New Glasgow army cadet corps has rich 100-year history

Published on March 12, 2014
On Feb 18, 2013, His Honour Brigadier General The Honourable J.J. Grant, Lieutenant Governor of Nova Scotia, presented Cadet Master Warrant Officer Jennifer Wilcox of 219 New Glasgow Legion Army Cadets with a Queen's Diamond Jubilee Medal at the Government House in Halifax. Grant was a cadet with the New Glasgow army cadets. CPL CHRIS RINGIUS - DND

The first New Glasgow Cadet Corps was organized in 1909. At this time, the Corps consisted of only high school boys, like Hugh MacPherson, who won the first prize as best shot in the Cadet Corps of the Dominion.

The Corps kept up activities for two years but then interest lagged and the Corps ceased for a time.

The cadet corps once again emerged and was formally formed on March 18, 1914, as the 78th Pictou Highlanders, with affiliation to the 78th Highland Regiment. At this time, 20 cadets signed on. In April of the same year, the name changed to 219 New Glasgow High School Cadet Battalion. The original uniforms were the same as those worn by the Canadian Expeditionary Forces.

About four months later, the Dominion of Canada would be plunged into the First World War. Few parts of the fledgling country, including Pictou County, would be affected by this first global conflict. During WWI, the New Glasgow army cadet corps strength averaged 120 cadets and maintained a 24-piece brass band. The first public appearance of the band was made at first Presbyterian Church Hall on Friday, April 13, 1917. On May 7, they paraded on the march through the main streets of New Glasgow playing “Onward Christian Soldiers” and “Maryland.”

“The success of the New Glasgow Cadet band has brought greater satisfaction to the people of the town than any other movement undertaken on behalf of the boys, who are to be the citizens of tomorrow,” read the 1918-19 New Glasgow cadet annual program. “It has won a place not only in the admiration of the citizens but in public service that could not be dispensed with.

Week after week, the band gathered loyally at the train depot in New Glasgow to welcome home the heroes, who had months before left New Glasgow to take part in the great world struggle. By special invitation, the New Glasgow Band travelled to Halifax to welcome the arrival from the war of the 85th Nova Scotia Highlanders. The band was rewarded a place in the parade to lead the 85th Battalion on its last march from the Common to a great banquet spread at the Armouries. This was the final gathering of the Regiment before its members separated to their respective homes.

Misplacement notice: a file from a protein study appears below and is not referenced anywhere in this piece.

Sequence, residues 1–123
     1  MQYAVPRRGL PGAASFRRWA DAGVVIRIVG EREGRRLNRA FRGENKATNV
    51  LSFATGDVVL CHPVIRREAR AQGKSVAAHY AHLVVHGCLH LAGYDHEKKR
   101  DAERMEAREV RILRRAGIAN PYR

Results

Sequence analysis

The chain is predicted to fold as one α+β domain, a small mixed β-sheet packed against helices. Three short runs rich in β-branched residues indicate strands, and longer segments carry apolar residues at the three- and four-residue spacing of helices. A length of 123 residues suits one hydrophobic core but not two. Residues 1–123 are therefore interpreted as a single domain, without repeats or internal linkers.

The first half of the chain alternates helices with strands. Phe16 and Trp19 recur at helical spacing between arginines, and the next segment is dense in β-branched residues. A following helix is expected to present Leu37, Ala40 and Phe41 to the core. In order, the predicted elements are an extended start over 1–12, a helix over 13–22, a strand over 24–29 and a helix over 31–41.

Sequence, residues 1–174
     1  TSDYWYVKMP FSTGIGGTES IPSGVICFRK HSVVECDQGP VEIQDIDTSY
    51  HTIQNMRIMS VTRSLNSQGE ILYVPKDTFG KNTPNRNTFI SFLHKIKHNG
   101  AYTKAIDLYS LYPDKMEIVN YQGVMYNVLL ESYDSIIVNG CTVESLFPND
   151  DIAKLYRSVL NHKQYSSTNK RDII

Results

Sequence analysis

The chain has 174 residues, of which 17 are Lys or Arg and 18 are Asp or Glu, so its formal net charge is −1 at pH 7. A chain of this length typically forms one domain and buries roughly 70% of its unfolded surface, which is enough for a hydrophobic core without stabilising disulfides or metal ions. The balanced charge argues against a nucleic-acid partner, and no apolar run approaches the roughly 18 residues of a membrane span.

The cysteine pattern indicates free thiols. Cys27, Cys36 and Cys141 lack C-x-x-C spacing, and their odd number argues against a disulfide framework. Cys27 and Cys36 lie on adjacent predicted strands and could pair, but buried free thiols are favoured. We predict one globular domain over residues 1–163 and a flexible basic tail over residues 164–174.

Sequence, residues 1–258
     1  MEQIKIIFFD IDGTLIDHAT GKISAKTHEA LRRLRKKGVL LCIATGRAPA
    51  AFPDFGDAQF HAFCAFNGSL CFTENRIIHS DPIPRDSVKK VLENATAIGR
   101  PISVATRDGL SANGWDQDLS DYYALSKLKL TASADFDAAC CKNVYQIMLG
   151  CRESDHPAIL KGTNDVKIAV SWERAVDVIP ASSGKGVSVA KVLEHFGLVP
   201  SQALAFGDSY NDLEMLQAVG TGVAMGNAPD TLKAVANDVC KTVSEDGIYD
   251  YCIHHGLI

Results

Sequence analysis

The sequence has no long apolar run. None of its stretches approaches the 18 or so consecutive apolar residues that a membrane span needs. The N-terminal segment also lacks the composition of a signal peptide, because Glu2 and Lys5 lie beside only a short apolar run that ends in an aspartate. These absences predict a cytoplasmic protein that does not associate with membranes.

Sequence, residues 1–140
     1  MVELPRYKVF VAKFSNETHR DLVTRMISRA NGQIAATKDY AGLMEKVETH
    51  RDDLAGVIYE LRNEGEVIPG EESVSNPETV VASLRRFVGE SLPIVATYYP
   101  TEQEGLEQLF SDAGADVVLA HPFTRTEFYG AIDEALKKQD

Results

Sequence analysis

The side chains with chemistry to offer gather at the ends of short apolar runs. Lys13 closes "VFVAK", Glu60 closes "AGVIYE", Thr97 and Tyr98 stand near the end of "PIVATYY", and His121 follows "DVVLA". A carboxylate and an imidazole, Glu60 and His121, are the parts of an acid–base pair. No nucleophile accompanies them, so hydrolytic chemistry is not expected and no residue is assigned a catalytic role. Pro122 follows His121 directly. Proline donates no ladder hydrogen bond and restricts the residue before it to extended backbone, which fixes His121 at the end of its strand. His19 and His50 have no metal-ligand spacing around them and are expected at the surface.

The 78th Cadet Rifle Club was another important division of the 78th New Glasgow Corps. About this time, Colonel Thomas Cantley (who later became Senator) took a lively interest in the Corps. He offered several prizes and gave the boys Glengarries and Badges. While in Ottawa, Col. Cantley interviewed the Militia Dept and shortly afterward the Corps was equipped with 22 Ross Rifles. Col. Cantley also offered a bronze box, one of 50 made from a captured German gun, to the best all around shot.

The Dominion Cartridge Company was known to organize Rifle Clubs all over Canada and one was organized among the boys of the cadet corps with an enrolment of 59. A New Glasgow Cadet made the highest individual score in 1918, while the Corps also led in a number of medals. The New Glasgow Cadet Corps led all other teams in the Dominion Championship with a score of 2,729 out of a possible 2,800, or a team average of 97.4 per cent under the direction of Fraser MacDonald.

In 1924, Mr. L. M. Rhodenizer joined the high school teaching staff and took a keen interest in the cadet corps. The upkeep and efficiency of the corps is also credited to Rhodenizer as he became principal of the high school in the early 1930s.

The corps once again flourished under his direction and in 1936 the corps was judged the most efficient cadet unit in the Maritimes. This high standard was maintained until the outbreak of World War II and the subsequent enlistment of Lt.-Col. Rhodenizer.

From 1939 to 1945, the training was carried out by several well meaning but rather ill-trained instructors. In 1943, the corps was affiliated with 2nd Battalion Pictou Highlanders and was under the sponsorship of the Board of School Commissioners of New Glasgow.

After the war ended in May, Rhodenizer returned to his teaching duties in New Glasgow and immediately took control of cadet training once again. Improvement was at once noticed and in 1946, the corps was judged third in standing in Nova Scotia.

On June 21, 1955, the Pictou Highlanders and the Nova Scotia Highlanders were merged together to form the 1st Battalion Nova Scotia Highlanders (North), which is the affiliated unit of the corps today.

Despite being placed on probation in the 1980s due to the lack of cadets and instructors, the corps now boasts around 85 cadets ranging from 12 to 19 years of age. The corps is located at the New Glasgow Armouries, 10 Riverside Parkway, and meets every Wednesday night. For more information, contact Capt. Randy Royal at

*Special thanks to Royal Canadian Army Cadet Corps 218 New Glasgow Legion for the historical information*

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